by Scott McIntyre
With a FIFA-imposed suspension finally lifted and a new Brazilian coach appointed this week things are looking bright for the future of football in Pakistan.
One player at the centre of what’s hoped to be a revival for Pakistani football has some unique experiences to share as he looks towards a new dawn for his nation.
Sharing a name as he does with one of history’s more notorious characters, when many people meet the nation’s star midfielder Saddam Hussain for the first time, football isn’t always the initial point of discussion.
“Sometimes people look at me and say, oh, I didn’t know you were still alive,” the 25-year-old laughs down the line from Cyprus when FOX Sports Asia caught up with him earlier this week.
“This was a name that was very popular when I was born and it was given to me by my grandfather so when I was young of course I didn’t know anything about this name.
“As I grew older of course I became aware of the President of Iraq but I’m different, I’m not that Saddam Hussain, I’m a sportsman.”
And a very talented one at that, indeed the versatile midfielder is regarded as one of the leading Pakistani talents of his generation.
Hailing from a family where his uncle and cousins all played the game, Hussain began his journey in his hometown of Karachi, an area he calls a hotbed of football, before captaining the national youth team and then forging a professional career that’s seen him play in Kyrgyzstan, Bahrain and now Northern Cyprus.
With an offer on the table to join a first division club in Turkey next season things are certainly looking up for Hussain, who also told FOX Sports Asia that he’s thrilled that football is finally returning to his nation after the lifting of a FIFA ban imposed for various political reasons involving the country’s football association.
“This is a new journey for our country and we hope that our football will be totally changed.
“In Pakistan we have so many talented young players but not enough investment and we need to ensure that we have a strong local league.
“We need foreign players and foreign coaches to come to our country and help raise the standard of our game.”
Part of that wish has come true with the highly credentialed Brazilian Jose Antonio Nogueira appointed this week. His immediate task is to focus on the South Asian Championships later this year and also the upcoming Asian Games, which Hussein has targeted as being a key stepping stone on the path to success for Pakistan.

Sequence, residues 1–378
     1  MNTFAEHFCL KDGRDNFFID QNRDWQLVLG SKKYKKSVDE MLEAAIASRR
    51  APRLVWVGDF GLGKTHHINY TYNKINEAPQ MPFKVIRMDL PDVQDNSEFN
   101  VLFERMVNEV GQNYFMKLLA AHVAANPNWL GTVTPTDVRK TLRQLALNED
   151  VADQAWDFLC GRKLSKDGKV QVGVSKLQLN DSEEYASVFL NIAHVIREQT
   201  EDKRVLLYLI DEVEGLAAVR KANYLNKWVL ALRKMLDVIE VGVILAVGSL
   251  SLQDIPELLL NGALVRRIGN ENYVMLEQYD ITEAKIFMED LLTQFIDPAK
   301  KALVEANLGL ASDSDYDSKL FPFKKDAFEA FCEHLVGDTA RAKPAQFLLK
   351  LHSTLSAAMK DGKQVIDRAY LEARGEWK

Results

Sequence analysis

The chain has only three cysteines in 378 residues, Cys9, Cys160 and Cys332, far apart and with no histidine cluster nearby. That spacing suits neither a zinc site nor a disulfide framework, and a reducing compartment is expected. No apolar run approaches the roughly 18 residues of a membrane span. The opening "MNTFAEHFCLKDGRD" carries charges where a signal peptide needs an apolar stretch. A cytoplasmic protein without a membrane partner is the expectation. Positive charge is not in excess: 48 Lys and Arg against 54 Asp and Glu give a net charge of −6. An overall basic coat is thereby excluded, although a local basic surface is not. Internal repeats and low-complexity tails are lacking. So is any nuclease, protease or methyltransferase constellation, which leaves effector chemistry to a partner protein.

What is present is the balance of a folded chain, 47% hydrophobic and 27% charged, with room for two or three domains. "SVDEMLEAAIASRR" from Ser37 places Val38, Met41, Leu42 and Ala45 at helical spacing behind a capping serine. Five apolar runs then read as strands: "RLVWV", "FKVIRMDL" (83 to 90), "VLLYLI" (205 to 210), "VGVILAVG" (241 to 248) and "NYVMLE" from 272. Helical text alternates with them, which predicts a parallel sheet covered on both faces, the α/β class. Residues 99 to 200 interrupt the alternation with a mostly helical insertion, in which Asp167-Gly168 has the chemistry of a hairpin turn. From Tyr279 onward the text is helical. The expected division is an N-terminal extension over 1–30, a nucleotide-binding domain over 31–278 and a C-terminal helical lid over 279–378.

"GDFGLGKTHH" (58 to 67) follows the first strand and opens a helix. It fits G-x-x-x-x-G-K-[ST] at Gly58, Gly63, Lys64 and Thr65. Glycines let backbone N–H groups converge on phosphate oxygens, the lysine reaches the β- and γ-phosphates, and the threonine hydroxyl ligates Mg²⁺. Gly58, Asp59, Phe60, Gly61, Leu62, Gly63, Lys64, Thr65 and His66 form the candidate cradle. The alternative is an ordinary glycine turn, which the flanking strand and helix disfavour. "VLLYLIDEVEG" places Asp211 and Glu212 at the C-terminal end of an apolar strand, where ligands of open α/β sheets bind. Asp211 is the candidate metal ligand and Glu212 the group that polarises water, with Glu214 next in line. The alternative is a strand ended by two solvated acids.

“This is a new start for us and we’re all hoping that he can bring with him the elements of Brazilian football and this modern way of playing.
“As a player I always want to win every game I play and if I am fortunate enough to be involved I want to help Pakistan to reach the quarterfinals of the Asian Games because that would be the first time that we could do it.”
“It’s still only a couple of months since our ban was removed but it’s my mentality to work hard for every match and win any competition we enter so even then we need to start thinking about the next Asian Cup in 2023 as well.”
Capable of playing either as a deeper, central, midfielder or in a more attacking capacity, Hussain says has modelled his game on some of the leading talents in the position including Toni Kroos and Casemiro. He added that he believes that people will soon start to understand the potential that lies within his nation’s footballing stocks.
“It’s my dream to play at the highest level, I want to be on the screen with everybody knowing me and I believe I have the skills and talent to do that, but it’s not just about me because we have so much talent in Pakistan.
“People might think cricket is popular, but for the young generation football is their sport and there will be big crowds coming to our matches even though we need more investment to raise the standard of our league.
“In Pakistan we have so much talent and this upcoming generation has such good quality but we don’t have the platform or the media coverage so nobody knows about our football in Pakistan but I tell you we have the talent and I want everybody to know that.”
One man sure to be at the forefront of that battle to raise the level of Pakistani football, both on and off the pitch, is the passionate and talented Saddam Hussain – the football star, not the deceased Iraqi tyrant.